* Reactor shut for refueling Oct. 22
* NRC says reactor safe, agency monitoring nozzle work
* Exelon did not say when reactor would exit refuel
Nov 27 U.S. power company Exelon Corp is
fixing a nozzle in the reactor at the Oyster Creek nuclear power
plant in New Jersey before the unit can exit an ongoing
The company did not say when the unit would likely exit the
outage, which began on Oct. 22.
The U.S. Nuclear Regulatory Commission (NRC) said the
reactor was safe and noted it had a metallurgist at the site to
make sure the agency was satisfied with the nozzle work.
Exelon said it found an "indication" on a nozzle at the
615-megawatt (MW) reactor as part of a dye inspection of the
reactor during the refueling outage.
The NRC said the nozzle is used for the control rod drive
mechanism. Control rods are made of materials that absorb
neutrons and are used to control the power output or shut a
Exelon said it found only one indication.
To fix the indication, which the NRC said was not a crack
but could grow into a crack if left unaddressed; Exelon was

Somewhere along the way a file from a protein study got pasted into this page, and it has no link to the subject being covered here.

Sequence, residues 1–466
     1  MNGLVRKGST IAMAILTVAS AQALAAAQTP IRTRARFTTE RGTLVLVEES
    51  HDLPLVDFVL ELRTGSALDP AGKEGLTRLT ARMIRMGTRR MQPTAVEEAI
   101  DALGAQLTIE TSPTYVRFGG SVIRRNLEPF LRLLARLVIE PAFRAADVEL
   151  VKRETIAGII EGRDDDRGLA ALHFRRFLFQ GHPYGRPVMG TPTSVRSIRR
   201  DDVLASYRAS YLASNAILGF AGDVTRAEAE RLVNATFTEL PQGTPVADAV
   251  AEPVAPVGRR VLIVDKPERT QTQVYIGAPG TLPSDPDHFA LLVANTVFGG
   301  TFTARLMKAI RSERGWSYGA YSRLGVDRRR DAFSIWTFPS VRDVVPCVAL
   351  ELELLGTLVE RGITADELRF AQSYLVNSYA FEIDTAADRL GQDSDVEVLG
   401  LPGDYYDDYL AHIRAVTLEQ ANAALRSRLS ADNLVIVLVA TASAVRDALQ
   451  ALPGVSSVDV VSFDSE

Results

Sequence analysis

grinding down the metal around the indication.
To keep the metal in the ground area within engineering
standards for thickness, the company would weld an overlay on
top of the site.
All refueling outages are busy, but this one was especially
active for Oyster Creek - the nation's oldest operating power
The 43-year old reactor declared an alert on Oct. 29 as
water rose in the plant's water intake structure due to the
rising tide, and wind and storm surge from Hurricane Sandy.
The NRC said there were no immediate safety concerns and the
plant did not have to contend with a reactor shutdown as Sandy
passed through the area because it was already shut for the
The NRC however on Nov. 13 said it started a special
inspection to gain a better understanding of how the intake
water level information was monitored and communicated during
the Sandy event.
STATE: New Jersey
TOWN: Forked River about 60 miles (96 km) east of
OPERATOR: Exelon Nuclear
OWNER(S): Exelon Nuclear
CAPACITY: 615 MW
UNIT(S): General Electric boiling water reactor
1965 - Construction started
1969 - Plant enters service, making it the oldest
operating nuclear plant in the United States
1999 - GPU Inc agreed to sell reactor to AmerGen for $10
2003 - Exelon bought AmerGen in 2003
2005 - Exelon applied with the NRC to extend the
operating license before the license was to
expire in 2009
2009 - NRC renewed the reactor's original 40-year
operating license for another 20 years
2010 - Exelon agreed with New Jersey to shut reactor
in 2019 to avoid building cooling towers
2019 - Oyster Creek reactor to shut
2029 - Operating license expires